Poland's history as a state began near the middle of the 10th century. By the mid-16th century, the Polish-Lithuanian Commonwealth ruled a vast tract of land in Central and Eastern Europe. During the 18th century, internal disorders weakened the nation, and in a series of agreements between 1772 and 1795, Russia, Prussia, and Austria partitioned Poland among themselves.
Poland regained its independence in 1918 only to be overrun by Germany and the Soviet Union in World War II. Free elections in 1989 and 1990 won Solidarity control of the parliament and the presidency, bringing the communist era to a close. A "shock therapy" program during the early 1990s enabled the country to transform its economy into one of the most robust in Central Europe. Poland joined NATO in 1999 and the EU in 2004.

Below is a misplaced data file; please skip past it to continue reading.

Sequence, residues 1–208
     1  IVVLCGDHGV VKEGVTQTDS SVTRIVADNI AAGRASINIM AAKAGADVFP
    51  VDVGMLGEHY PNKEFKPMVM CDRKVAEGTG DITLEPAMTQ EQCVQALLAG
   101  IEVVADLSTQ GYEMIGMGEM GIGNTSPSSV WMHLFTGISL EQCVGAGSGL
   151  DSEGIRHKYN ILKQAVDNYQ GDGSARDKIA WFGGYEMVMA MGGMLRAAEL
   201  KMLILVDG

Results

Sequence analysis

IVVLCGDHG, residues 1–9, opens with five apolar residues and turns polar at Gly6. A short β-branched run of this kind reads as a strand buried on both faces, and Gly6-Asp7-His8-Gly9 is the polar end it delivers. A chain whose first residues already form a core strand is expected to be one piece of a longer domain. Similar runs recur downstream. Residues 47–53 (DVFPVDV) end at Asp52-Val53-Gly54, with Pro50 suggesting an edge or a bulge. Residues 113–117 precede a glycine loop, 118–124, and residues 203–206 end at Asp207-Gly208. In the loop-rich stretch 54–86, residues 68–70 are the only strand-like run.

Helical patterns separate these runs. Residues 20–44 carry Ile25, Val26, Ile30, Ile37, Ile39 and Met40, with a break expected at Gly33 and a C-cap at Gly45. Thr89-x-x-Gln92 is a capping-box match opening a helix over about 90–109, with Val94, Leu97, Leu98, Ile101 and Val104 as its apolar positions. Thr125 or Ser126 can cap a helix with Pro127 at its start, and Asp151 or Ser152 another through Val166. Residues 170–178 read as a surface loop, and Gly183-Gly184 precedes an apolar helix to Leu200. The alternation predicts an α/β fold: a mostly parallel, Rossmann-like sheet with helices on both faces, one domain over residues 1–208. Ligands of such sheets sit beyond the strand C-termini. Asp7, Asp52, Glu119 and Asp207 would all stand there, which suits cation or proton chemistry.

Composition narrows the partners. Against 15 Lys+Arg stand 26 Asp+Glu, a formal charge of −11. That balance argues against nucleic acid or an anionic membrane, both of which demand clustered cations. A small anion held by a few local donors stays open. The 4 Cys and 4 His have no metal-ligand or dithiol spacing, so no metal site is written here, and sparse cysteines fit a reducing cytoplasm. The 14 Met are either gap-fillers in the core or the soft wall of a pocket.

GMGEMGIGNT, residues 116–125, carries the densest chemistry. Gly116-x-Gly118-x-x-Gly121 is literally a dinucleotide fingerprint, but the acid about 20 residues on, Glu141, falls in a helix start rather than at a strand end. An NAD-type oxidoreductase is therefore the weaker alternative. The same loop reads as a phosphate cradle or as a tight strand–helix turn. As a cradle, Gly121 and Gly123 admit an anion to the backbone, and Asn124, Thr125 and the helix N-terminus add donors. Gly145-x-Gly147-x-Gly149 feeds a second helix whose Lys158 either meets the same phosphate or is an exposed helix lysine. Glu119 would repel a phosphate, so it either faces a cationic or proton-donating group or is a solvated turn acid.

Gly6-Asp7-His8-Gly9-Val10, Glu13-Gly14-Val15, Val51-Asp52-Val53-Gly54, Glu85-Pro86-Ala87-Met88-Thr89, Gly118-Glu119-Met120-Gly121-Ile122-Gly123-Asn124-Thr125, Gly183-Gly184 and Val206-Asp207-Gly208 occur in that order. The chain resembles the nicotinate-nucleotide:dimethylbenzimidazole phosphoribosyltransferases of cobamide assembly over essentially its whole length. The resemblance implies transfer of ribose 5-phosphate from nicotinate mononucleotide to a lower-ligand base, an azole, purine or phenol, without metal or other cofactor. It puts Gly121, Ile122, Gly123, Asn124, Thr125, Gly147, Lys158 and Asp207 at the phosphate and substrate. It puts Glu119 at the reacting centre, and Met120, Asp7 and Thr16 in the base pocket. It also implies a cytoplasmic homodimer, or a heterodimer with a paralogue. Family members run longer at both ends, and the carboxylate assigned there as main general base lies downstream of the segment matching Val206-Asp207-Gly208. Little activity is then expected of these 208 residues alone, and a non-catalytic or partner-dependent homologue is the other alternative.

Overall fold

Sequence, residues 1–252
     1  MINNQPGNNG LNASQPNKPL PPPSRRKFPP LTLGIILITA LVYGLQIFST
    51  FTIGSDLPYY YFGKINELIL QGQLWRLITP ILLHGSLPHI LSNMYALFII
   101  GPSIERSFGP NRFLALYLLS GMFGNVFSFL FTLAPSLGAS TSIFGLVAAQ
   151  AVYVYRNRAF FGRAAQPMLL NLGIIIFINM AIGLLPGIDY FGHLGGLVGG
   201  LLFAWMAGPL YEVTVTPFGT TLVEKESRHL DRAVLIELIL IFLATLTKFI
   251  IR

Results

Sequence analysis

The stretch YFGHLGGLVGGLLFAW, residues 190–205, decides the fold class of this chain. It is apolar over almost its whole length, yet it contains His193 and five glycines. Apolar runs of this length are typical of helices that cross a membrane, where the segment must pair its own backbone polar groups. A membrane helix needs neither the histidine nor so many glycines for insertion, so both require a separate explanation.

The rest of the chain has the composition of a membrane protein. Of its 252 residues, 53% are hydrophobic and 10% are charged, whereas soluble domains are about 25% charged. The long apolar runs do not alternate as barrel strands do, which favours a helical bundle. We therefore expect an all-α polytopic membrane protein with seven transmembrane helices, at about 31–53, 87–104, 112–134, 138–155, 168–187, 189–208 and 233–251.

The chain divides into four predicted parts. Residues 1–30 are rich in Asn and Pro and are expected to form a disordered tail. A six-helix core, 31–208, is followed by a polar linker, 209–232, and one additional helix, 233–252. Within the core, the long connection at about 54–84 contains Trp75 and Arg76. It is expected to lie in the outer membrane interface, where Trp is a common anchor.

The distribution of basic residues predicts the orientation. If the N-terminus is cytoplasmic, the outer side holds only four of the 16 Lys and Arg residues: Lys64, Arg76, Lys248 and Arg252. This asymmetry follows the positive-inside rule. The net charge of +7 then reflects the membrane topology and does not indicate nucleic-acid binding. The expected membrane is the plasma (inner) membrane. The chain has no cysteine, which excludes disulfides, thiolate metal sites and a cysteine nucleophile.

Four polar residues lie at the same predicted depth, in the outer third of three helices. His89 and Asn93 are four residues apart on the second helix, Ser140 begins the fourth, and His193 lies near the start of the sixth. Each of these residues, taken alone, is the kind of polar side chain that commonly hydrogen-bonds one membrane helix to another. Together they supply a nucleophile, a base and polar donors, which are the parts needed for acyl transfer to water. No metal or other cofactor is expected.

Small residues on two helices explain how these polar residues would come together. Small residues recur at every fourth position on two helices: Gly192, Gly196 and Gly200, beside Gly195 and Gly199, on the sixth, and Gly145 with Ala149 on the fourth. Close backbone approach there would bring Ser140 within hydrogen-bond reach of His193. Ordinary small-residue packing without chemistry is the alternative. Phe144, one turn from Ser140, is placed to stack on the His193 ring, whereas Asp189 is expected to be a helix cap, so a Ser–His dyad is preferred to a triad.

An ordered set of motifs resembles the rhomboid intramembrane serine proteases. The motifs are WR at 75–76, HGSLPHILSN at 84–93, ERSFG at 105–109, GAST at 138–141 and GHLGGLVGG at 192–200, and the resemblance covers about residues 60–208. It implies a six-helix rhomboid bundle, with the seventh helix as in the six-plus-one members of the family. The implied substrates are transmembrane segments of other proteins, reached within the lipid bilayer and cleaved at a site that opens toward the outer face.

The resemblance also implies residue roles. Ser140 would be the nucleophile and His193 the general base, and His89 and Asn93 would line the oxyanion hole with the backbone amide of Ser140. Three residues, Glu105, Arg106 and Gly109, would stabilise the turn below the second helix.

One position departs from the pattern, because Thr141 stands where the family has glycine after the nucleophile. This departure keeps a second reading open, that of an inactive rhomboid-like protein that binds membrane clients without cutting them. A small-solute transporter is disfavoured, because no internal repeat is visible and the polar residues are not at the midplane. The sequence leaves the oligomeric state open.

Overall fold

Temperate with cold, cloudy, moderately severe winters with frequent precipitation; mild summers with frequent showers and thundershowers
Polish 96.9%, Silesian 1.1%, German 0.2%, Ukrainian 0.1%, other and unspecified 1.7% (2011 est.)
Many households will ask you to remove your shoes upon entry.
Bigos — a stew of white cabbage, sauerkraut (fermented cabbage), mushrooms, tomatoes, ham, and meats such as pork, beef, veal, bacon, or venison; Pierogi – small dumplings stuffed with either savory or sweet fillings including cheese, onions, ground meat, mushrooms, potatoes, sauerkraut, or various berries
Diversified, high-growth European economy; COVID-19 led to first recession in nearly 3 decades, albeit small; EU and NATO member; bolstering US relations; economic concentration in western region; aging labor force; growing debt